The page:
17. That is the true challenge to work within a narrow confine. To accept what you cannot have; that from which you cannot deviate.
  18. Tom laughed at the phrase sexual deviation. Where was the sex? Where was the deviation? He looked at Freddie and said low and bitterly: Freddie Miles, you’re a victim of your own dirty mind.
  19. The annoying thing about reading is that you can never get the job done. The other day I was in a bookstore flicking through a book called something like 1001 Books You Must Read Before You Die and, without naming names, you should be aware that the task set by the title is by definition impossible, because at least four hundred of the books suggested would kill you anyway, but reading begets reading–that’s sort of the point of it, surely? and anybody who never deviates from a set list of books is intellectually dead anyway.
  20. If you want to make money at some point, remember this, because this is one of the reasons startups win. Big companies want to decrease the standard deviation of design outcomes because they want to avoid disasters. But when you damp oscillations, you lose the high points as well as the low. This is not a problem for big companies, because they don’t win by making great products. Big companies win by sucking less than other big companies.
  21. Politicians are propaganda, the people with guns are the enforcers and the media is the enthusiastic lapdog who enables the entire behavior and acts as the verbal abuser against those who deviate from nodding their heads at the vast statues of evil that we inherited.
  22. We want our parents to be the norm from which we deviate.
  23. From my insufficiency to my perfection, and from my deviation to my equilibrium from my sublimity to my beauty, and from my splendor to my majesty from my scattering to my gathering, and from my rejection to my communion from my baseness to my preciousness, and from my stones to my pearls from my rising to my setting, and from my days to my nights from my luminosity to my darkness, and from my guidance to my straying from my perigee to my apogee, and from the base of my lance to its tip from my waxing to my waning, and from the void of my moon to its crescent from my pursuit to my flight, and from my steed to my gazelle from my breeze to my boughs, and from my boughs to my shade from my shade to my delight, and from my delight to my torment from my torment to my likeness, and from my likeness to my impossibility from my impossibility to my validity, and from my validity to my deficiency. I am no one in existence but myself.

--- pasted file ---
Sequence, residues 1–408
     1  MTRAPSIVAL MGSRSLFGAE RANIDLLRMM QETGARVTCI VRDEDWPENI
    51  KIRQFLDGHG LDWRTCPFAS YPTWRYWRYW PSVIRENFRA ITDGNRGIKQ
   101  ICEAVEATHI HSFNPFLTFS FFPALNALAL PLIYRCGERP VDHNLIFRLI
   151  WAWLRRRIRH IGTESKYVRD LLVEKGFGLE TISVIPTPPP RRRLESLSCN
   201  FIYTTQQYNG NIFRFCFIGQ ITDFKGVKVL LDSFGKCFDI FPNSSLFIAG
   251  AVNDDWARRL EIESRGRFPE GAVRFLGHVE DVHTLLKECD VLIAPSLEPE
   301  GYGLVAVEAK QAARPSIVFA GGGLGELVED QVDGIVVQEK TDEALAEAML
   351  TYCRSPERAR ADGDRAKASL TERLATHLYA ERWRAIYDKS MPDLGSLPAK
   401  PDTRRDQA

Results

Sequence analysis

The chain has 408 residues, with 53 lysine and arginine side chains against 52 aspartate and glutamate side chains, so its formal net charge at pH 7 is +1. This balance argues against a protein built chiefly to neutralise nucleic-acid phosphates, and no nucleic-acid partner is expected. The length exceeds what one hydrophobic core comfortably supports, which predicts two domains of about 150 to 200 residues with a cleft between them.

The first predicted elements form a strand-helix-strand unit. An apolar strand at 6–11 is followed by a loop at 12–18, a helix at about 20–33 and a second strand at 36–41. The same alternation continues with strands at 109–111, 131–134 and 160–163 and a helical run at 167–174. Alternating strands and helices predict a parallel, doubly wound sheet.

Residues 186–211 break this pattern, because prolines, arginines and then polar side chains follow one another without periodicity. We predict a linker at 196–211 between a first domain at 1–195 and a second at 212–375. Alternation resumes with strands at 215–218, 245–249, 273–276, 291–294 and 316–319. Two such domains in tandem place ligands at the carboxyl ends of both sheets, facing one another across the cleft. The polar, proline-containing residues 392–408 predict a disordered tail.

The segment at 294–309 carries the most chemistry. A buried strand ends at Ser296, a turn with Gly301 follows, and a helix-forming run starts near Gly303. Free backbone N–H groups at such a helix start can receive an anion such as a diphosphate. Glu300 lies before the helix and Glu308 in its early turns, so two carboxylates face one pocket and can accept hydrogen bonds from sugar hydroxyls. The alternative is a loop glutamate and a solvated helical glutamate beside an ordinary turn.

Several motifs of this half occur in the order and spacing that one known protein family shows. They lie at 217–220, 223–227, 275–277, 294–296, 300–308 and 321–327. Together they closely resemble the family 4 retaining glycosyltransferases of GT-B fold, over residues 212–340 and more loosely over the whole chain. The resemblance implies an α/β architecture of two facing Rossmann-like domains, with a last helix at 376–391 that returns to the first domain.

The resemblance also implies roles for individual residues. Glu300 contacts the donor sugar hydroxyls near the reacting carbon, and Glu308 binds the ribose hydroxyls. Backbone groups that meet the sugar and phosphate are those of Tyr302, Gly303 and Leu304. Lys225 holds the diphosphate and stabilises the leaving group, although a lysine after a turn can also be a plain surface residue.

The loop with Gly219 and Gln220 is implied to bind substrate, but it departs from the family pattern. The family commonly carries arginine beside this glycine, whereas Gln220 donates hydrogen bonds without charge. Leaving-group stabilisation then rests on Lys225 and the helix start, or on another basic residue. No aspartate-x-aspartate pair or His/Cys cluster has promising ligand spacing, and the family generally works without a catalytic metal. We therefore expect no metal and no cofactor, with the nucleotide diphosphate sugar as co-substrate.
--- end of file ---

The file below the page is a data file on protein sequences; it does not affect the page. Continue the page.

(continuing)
24. In those moments, which were eternal I assure you, I had no location in the universe, nothing to grasp for that minimum of security which every creature needs merely to exist without suffering from the sensation that everything is spinning ever faster on a cosmic carousel with only endless blackness at the edge of that wheeling ride. I know that your condition differs from mine, and therefore you have no means by which to fully comprehend my ordeals just as I cannot fully comprehend yours. But I do acknowledge that both our conditions are unendurable, despite the doctor’s second-hand platitude that nothing in this world is unendurable. I’ve even come to believe that the world itself, by its very nature, is unendurable. It’s only our responses to this fact that deviate: mine was being predominately a response of passive terror approaching absolute panic; yours being predominantly a response of gruesome obsessions that you fear you might act upon.
  25. Chance is commonly viewed as a self-correcting process in which a deviation in one direction induces a deviation in the opposite direction to restore the equilibrium. In fact, deviations are not corrected as a chance process unfolds, they are merely diluted.
  26. Though her emotions had not deviated from a jittery frailty she knew that in her own room she could at least attempt sleep and that if she dreamed she might then finally be with Henry.
  27. His feet started in her direction, his body following rather as a dog would its master, with no thought of deviating from the path chosen by her for him I am grabbed his arm and yanked him back.
  28. It is a highly valued function of society to prevent changes in the rules of the many games it embraces. Deviancy, however, is the very essence of culture. Whoever merely follows the script, merely repeating the past, is culturally impoverished. There are variations in the quality of deviation; not all divergence from the past is culturally significant. Any attempt to vary from the past in such a way as to cut the past off, causing it to be forgotten, has little cultural importance. Greater significance attaches to those variations that bring the tradition into view in a new way, allowing the familiar to be seen as unfamiliar, as requiring a new appraisal of all that we have been- and therefore all that we are. Cultural deviation does not return us to the past, but continues what was begun but not finished in the past. Properly speaking, a culture does not have a tradition; it is a tradition.
  29. I have begun to wonder where I came from. The person I am now, this fumbling, stumbling supplicant was I built on the foundations of my old life, or did I rise from the grave a blank state? How much of me is inherited, and how much is my own creation? Questions that were once just idle musings have begun to feel strangely urgent. Am I firmly rooted to what came before? Or can I choose to deviate?
  30. The lake was deviated to prevent flooding.